Two-year Waitlist An Entrepreneurial Guide for Music Teachers By Noreen Wenjen


Often times, music teachers are a bit squeamish about linking business aspects of the profession with the artistic side of a student’s personal development. This newly released book, Two-Year Waitlist provides a trail-blazing guide about how teachers can gain maximum results by building a studio in a professional, savvy way while still being devoted pedagogues upholding the highest standards of education.

Noreen Wenjen earned NCTM certification from the Music Teachers National Association (MTNA) and has been involved in teaching piano students of varying ages and levels of proficiency since receiving a Bachelor of Music degree in Piano Performance from the University of California, Santa Barbara and subsequent mentoring from and assistantship to renowned American concert pianist Joanna Hodges in Vancouver, Washington – of whom she dedicates this book.

She is currently President of the California Association of Professional Music Teachers (CAPMT) and has a teaching certification from the Royal Conservatory of Music (RCM). Wenjen also has a background in marketing and computer technology from her work at Aquent, a tech staffing company co-founded by her sister – of which inspires her next book to be released by Audrey Press in 2020, “Zoom, Tweet, Text: Interacting with Today’s Music Students through Videos, Websites and Technology.”

Throughout its 19 chapters, Two-Year Waitlist offers a compendium of hands-on advice about how to make your teaching studio more viable, profitable and enriching for both student and parent. “Parents may not realize that the person they choose to be their child’s music teacher could turn out to have a profound influence on their child’s life…No other type of teacher or coach spends this amount of one-on-one time with a student,” writes Wenjen. Through the years, her successful studio represents a reflection of ideas and suggestions contained in this book. You can even purchase and download a copy of her teaching studio policy from her website.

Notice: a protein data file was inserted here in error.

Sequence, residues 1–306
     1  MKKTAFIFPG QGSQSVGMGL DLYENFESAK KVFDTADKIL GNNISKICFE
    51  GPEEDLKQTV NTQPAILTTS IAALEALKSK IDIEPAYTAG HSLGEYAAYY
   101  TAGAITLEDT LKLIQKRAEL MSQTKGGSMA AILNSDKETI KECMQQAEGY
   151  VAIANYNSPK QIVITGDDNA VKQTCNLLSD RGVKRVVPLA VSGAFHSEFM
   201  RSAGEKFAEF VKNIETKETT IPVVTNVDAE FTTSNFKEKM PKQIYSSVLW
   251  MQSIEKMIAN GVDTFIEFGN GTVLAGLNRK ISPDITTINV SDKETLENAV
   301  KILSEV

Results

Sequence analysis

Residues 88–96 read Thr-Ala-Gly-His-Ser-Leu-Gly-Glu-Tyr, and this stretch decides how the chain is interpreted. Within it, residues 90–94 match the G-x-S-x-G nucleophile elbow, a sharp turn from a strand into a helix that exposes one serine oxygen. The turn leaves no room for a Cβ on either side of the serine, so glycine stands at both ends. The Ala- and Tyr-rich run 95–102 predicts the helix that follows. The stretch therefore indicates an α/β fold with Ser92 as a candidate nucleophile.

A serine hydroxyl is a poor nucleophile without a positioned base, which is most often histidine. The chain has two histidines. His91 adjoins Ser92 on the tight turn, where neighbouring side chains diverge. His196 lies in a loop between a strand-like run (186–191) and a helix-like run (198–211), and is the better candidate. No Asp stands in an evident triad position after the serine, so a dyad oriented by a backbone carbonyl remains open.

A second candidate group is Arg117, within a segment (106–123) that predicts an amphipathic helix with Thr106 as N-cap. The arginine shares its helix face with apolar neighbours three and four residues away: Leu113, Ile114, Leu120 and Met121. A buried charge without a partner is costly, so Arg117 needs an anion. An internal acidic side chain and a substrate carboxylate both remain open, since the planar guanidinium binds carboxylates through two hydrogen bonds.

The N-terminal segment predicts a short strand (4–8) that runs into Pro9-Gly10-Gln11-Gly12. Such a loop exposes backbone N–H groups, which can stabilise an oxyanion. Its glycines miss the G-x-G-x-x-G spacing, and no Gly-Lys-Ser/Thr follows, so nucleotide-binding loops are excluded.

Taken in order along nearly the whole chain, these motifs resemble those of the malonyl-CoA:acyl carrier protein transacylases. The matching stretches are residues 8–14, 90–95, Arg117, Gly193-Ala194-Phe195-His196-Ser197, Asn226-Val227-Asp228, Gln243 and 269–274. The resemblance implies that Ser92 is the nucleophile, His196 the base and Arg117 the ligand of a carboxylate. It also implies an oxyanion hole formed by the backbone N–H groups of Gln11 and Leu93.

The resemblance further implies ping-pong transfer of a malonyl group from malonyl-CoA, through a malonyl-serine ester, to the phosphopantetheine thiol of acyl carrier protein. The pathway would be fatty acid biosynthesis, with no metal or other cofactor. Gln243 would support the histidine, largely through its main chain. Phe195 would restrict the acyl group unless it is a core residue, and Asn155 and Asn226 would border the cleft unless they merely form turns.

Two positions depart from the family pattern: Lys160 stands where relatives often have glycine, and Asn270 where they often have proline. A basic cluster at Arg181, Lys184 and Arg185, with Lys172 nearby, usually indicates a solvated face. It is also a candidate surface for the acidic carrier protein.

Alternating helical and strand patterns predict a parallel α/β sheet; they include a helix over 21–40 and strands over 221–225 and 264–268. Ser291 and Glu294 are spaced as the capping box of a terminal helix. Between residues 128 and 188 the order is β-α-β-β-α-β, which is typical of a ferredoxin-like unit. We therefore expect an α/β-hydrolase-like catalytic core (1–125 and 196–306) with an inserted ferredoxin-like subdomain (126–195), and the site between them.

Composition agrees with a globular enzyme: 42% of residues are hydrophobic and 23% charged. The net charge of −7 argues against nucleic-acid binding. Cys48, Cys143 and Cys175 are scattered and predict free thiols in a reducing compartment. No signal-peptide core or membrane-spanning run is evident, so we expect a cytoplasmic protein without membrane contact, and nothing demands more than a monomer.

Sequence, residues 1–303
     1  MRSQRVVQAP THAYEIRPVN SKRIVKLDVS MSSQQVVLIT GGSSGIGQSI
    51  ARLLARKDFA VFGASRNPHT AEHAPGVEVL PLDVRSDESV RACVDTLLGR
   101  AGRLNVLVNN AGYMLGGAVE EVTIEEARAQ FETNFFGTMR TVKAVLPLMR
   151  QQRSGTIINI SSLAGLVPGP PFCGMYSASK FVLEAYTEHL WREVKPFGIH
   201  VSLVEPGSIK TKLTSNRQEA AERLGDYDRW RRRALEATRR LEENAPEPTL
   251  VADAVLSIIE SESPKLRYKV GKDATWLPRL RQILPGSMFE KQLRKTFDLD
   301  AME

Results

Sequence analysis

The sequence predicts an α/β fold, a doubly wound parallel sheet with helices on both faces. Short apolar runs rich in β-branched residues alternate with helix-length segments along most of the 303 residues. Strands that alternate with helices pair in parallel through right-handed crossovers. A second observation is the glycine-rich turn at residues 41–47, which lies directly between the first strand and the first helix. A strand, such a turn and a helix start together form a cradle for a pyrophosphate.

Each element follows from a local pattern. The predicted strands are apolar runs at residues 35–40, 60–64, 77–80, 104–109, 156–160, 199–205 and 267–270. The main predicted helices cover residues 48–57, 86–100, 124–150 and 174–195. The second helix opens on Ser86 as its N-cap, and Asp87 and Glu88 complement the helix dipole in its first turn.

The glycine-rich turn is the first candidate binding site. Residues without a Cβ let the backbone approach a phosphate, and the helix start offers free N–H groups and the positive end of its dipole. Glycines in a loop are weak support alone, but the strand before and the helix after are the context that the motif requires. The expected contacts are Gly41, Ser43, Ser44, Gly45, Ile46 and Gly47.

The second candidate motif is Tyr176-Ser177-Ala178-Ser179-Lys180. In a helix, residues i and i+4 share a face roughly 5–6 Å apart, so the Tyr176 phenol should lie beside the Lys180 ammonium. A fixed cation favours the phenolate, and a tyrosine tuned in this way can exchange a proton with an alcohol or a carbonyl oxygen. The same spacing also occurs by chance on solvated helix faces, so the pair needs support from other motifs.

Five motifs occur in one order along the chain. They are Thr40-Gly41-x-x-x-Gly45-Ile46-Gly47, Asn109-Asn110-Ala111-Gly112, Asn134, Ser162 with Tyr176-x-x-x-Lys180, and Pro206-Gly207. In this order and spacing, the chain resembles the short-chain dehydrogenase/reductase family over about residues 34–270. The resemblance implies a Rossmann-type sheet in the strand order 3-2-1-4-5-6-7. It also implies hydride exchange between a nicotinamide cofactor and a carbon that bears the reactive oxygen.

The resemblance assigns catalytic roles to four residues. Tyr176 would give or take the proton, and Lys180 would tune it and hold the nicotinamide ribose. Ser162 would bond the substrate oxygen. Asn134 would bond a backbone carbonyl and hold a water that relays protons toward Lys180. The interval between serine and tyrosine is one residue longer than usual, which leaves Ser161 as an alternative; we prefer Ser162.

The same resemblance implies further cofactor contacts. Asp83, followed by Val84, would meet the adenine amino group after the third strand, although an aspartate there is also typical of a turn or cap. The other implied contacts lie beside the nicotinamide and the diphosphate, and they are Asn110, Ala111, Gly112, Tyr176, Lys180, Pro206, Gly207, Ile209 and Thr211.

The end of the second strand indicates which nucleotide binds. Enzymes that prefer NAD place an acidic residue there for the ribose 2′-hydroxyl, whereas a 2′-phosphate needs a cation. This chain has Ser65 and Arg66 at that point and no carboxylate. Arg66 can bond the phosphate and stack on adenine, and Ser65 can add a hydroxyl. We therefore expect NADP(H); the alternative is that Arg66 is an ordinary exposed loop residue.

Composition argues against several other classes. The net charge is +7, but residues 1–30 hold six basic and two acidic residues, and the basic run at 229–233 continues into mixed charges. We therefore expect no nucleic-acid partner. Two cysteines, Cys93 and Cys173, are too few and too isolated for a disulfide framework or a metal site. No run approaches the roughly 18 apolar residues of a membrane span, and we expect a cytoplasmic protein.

Topics that are discussed in detail include studio set-up and scheduling, fees and rate increases based on the COLA index (cost of living), advantages of teaching in-home or at students homes, how to handle makeup lessons and how to plan for retirement by setting up a Roth or SEP IRA. There are questionnaires and even thoughts about the challenges and rewards of teaching students with special needs. “Having a music studio waitlist changes people’s mindset from getting the best bang for their buck to choosing the most qualified music teacher for themselves or their child,” Wenjen comments.

In this regard, she offers valuable suggestions about what a teacher might charge based on a variety of criteria such as qualifications, location of studio and depth of events offered that could include performance workshops, competitions, auditions and evaluations. She also mentions tips on how teachers might get more marketing exposure for their studio by joining local, state or national music organizations, engaging in the social media through Facebook, LinkedIn, Snapchat or giving lessons on Skype – while getting technology guidance from, for example.

Wenjen’s premise that music teachers should think of their private studios as a business investment provides a relevant component for people wanting to become career-oriented educators. She also points out that dedicated music teachers often impact the lives of students in very profound ways and their efforts should be rewarded with more than words of praise.

I just finished reading Alan Walker’s insightful over 700 page book, “Fryderyk Chopin: A Life and Times” (Farrar, Straus & Giroux, October, 2018) where the author observes how Chopin charged a top fee for his private lessons, thus establishing a certain respect for his qualifications especially as his reputation grew - along with his expenses.

Two-Year Waitlist is a user-friendly read that is chock full of information that should serve as a source guide for established teachers looking to fine tune their studio policy or musicians ready to take the plunge. The book is available for sale or download March 1 through Audrey Press at, and, among others.